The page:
Russian and Belarusian athletes receiving state funds cannot be considered neutral and must remain excluded from international sport, Culture Secretary Lucy Frazer said.
Last month, the International Olympic Committee published the criteria under which world sports federations can consider readmitting athletes from those countries amid their invasion of Ukraine.
The recommendations say that only individual athletes from those countries should be allowed to compete, not teams.
Athletes and support personnel who actively support the war in Ukraine must also remain excluded, as should any athletes or support personnel hired by Russian or Belarusian military or security agencies.
The IOC has postponed a decision on whether athletes from those countries will be able to compete in the Paris Games next year, but the recommendations mean that, in at least some sports, Russian and Belarusian athletes will be able to participate in Olympic qualifying events.
Frazer and France’s Olympic and Paralympic Games Minister Amelie Oudea-Castera called for clarity regarding state-funded athletes in remarks released Tuesday as part of a Council of Europe hearing on Russian involvement in international sport. .
Frazer said that athletes who received funds from the state, or from state-controlled companies such as Russian energy giant Gazprom, were “de facto representatives of those states.”
“They are only there by virtue of having been funded, trained, selected and supported by the Russian state,” he added.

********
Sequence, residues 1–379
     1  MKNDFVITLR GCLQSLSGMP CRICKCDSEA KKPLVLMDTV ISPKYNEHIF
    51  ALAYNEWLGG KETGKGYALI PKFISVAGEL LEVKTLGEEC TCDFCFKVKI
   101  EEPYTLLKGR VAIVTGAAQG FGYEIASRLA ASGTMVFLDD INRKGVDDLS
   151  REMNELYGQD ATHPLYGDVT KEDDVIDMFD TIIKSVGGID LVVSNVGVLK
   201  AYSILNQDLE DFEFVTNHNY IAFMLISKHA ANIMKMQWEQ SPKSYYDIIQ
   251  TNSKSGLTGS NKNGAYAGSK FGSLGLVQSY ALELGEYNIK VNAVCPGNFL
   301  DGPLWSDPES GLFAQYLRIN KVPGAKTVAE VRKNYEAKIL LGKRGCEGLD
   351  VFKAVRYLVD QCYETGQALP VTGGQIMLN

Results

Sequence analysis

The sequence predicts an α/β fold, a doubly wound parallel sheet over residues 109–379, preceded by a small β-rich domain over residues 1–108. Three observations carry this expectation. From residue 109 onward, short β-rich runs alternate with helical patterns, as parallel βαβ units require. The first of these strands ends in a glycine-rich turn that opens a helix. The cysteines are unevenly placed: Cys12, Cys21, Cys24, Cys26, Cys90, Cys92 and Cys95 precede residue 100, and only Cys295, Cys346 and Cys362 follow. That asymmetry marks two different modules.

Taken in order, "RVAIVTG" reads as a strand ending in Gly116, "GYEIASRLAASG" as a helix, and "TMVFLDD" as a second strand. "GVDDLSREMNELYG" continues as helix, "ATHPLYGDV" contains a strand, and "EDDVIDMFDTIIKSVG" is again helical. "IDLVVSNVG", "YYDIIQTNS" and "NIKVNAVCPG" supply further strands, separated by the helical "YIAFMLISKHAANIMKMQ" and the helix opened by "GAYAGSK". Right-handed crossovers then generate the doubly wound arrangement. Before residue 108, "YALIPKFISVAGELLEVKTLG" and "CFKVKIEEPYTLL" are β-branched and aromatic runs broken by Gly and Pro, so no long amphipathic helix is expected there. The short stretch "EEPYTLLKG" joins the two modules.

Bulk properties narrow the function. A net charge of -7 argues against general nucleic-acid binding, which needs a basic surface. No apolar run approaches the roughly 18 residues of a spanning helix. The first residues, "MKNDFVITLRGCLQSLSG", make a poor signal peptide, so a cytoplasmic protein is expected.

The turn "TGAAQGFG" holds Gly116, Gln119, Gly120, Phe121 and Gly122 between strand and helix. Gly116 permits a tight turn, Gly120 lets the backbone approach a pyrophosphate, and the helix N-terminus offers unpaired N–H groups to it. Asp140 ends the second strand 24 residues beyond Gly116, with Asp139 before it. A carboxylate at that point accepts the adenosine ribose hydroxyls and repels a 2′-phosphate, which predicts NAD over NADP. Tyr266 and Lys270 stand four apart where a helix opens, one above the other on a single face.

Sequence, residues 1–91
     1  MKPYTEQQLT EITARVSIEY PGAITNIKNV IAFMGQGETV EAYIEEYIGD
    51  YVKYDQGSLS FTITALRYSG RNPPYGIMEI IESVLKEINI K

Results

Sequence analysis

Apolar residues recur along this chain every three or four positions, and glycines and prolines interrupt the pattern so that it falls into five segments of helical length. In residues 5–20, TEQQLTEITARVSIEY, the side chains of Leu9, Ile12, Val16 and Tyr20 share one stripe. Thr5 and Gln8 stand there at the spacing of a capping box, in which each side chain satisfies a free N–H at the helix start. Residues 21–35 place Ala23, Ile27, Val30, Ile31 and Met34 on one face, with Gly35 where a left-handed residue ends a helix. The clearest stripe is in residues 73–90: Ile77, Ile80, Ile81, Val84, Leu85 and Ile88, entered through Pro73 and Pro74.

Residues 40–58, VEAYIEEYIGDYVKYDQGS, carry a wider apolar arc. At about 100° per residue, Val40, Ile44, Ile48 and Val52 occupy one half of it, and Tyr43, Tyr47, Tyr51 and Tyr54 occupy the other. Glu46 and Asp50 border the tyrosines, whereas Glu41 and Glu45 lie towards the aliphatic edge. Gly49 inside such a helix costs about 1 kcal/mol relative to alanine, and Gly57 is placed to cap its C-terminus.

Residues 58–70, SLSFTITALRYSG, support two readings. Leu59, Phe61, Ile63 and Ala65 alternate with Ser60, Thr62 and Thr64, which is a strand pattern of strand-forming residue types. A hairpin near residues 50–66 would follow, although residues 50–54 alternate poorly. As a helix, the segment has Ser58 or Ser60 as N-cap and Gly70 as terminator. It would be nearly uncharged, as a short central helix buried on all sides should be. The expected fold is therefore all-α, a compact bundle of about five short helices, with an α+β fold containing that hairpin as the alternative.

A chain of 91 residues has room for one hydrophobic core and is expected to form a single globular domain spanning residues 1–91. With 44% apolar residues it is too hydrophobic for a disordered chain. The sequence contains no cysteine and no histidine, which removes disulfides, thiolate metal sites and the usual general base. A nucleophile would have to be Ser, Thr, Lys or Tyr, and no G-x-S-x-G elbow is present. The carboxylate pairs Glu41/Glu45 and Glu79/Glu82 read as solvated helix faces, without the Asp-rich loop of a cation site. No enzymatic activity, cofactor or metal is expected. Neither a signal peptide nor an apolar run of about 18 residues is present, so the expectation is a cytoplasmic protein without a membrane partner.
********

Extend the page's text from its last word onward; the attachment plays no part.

“We have seen that the IOC started to address some of our concerns and that is welcome, but the IOC recommendations are not enough for us and leave too many questions unanswered.
“There is no reference anywhere in the recommendations to state funding, what I have said is a breach of neutrality.
“None of us should accept the idea that a Ukrainian athlete is forced to share a field, a court, a field, a starting line with state-sponsored athletes from Russia and Belarus.
“The IOC must clarify its position or go back to the drawing board. Solve the questions I have raised today.
“Implement an approach that ensures only truly neutral athletes can participate.”
Frazer also said it was crucial to ensure other loopholes were not exploited, such as pausing contracts with the military or security agencies long enough to allow athletes to compete.
Self-funded tennis players from Russia and Belarus will be allowed to participate in Wimbledon this summer as long as they sign declarations of neutrality and do not express support for the war.
Oudea-Castera accepted that the IOC had the right to make the “sovereign” decision, but agreed with Frazer that there were “open issues” where clarity was required, even if the exclusion of teams extended to sports in where two athletes competed together.
Gaby Ahrens, President of the Athletes’ Commission of the Association of African National Olympic Committees, appeared at the hearing on behalf of the IOC.
She said: “If the Olympic Games become a platform only for athletes who come from like-minded countries or whose governments are at peace, it would not be a true reflection of the world and we would not be able to achieve our mission of uniting the world.” in a peaceful competition despite the differences that exist between countries and people.
“If governments were to take over the decisions about which athletes can participate in which competition, it would mean the end of world sport as we know it today.”